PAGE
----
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Caribbean American legislator ‘relieved’ by US Supreme Court ruling on abortion


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Jumaane Williams

NEW YORK, Feb. 10, CMC – A Caribbean American legislator here says he’s “relieved” that the United States Supreme Court has blocked a restrictive Louisiana law on abortion.

In the case, June Medical Services v. Gee, the US Supreme Court, the country’s highest court on Thursday voted 5-4 to block the law that opponents say could have left Louisiana with only one doctor in a single clinic authorized to provide abortions.

“The Supreme Court blocked an attempt from conservatives to institute a back-door ban on abortion,” New York City Councilman Jumaane Williams, the son of Grenadian immigrants, told the Caribbean Media Corporation on Saturday.

“I am relieved by their decision in this case to protect the rights of women to access safe and legal abortions, but I am not complacent,” added the representative for the predominantly 45th Council District in Brooklyn, New York.

Williams noted that four justices voted in the case “to almost directly overturn the court’s precedent protecting this access in a 2016 case, including Brett Kavanaugh, whose nomination I protested in the streets outside Trump Tower (in Manhattan).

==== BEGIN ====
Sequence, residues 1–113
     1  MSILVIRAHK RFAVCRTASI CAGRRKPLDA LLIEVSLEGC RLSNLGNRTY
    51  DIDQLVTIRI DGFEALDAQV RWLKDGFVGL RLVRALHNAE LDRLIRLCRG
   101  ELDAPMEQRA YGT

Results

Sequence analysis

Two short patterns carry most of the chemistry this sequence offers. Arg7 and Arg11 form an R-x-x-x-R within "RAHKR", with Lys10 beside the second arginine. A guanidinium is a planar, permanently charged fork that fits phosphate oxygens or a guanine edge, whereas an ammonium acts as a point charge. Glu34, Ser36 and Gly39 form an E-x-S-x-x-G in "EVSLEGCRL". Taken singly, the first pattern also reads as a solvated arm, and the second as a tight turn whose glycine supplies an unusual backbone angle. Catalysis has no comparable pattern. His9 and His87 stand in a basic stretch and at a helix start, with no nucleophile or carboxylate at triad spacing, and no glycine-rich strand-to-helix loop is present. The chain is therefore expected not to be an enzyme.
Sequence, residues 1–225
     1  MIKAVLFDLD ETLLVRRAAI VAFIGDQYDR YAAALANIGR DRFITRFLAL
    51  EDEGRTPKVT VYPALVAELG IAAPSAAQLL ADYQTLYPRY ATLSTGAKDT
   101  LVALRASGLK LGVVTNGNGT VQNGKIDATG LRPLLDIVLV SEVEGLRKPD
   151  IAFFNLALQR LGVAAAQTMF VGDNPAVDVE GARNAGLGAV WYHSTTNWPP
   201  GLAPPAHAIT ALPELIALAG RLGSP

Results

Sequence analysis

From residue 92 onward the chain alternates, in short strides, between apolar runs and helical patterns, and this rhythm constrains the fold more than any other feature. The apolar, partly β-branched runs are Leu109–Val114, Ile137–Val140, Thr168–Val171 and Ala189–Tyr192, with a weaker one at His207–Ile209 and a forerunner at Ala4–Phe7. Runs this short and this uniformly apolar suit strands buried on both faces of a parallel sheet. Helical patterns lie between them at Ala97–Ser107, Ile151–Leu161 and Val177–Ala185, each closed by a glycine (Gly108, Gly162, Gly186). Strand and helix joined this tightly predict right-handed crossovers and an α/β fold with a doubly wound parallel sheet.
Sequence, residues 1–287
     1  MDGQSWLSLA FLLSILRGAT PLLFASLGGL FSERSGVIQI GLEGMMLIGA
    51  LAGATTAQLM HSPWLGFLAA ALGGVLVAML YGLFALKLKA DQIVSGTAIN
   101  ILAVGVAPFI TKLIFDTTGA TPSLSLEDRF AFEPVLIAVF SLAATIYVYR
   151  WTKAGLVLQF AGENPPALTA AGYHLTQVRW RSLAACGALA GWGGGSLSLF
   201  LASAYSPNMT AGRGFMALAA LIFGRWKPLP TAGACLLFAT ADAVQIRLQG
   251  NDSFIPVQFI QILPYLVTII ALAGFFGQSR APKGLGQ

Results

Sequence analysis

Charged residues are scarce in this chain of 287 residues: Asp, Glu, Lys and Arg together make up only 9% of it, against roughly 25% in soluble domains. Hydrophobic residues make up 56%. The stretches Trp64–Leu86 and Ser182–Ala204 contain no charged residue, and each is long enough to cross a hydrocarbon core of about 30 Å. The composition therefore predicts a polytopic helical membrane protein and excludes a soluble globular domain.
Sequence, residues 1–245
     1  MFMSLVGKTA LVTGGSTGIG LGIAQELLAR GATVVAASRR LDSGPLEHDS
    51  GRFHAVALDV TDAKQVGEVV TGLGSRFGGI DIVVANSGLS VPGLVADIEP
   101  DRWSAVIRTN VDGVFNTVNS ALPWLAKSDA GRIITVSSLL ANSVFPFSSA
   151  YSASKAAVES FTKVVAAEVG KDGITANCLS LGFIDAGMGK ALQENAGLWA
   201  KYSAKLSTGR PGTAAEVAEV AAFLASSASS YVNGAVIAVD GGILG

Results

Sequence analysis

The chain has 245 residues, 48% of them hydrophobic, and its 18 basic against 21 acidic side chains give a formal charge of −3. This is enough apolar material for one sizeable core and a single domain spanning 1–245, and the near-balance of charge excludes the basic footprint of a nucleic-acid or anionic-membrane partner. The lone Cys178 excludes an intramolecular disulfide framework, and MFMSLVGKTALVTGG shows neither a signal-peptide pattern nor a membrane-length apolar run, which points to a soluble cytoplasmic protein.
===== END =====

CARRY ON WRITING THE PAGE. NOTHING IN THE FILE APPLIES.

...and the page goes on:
“Precedent, law and decency are no obstacle to their goals of chipping away at the protections secured in Roe v. Wade, and that is why we must continue to fight to institute these protections on a state and local level,” Williams said.

Roe v. Wade is a landmark US Supreme Court case in 1973 authorizing a woman’s constitutional right to abortion.

“In passing the Reproductive Health Act on a state level (New York) to codify these protections, we have made major gains, and we cannot lose them, but rather must push forward for reproductive rights,” Williams said.

In my passing the New York City Boss Bill, he said “we implemented protections against discrimination based on exercising those very rights- protections the state should expand.

“In the streets, we will continue to fight any effort to tear down the rights that generations of activists have helped secure for women in this country,” added Williams, a candidate for New York City Public Advocate. “We cannot rely on a conservative court, we have to act.”

In Thursday’s Supreme Court ruling, Chief Justice John G. Roberts Jr. joined the court’s four-member liberal wing to form a majority.

The court did not give any reasons for its temporary stay.

Legal analysts say the Supreme Court is likely to hear a challenge to the law on the merits in its next term, which begins in October.

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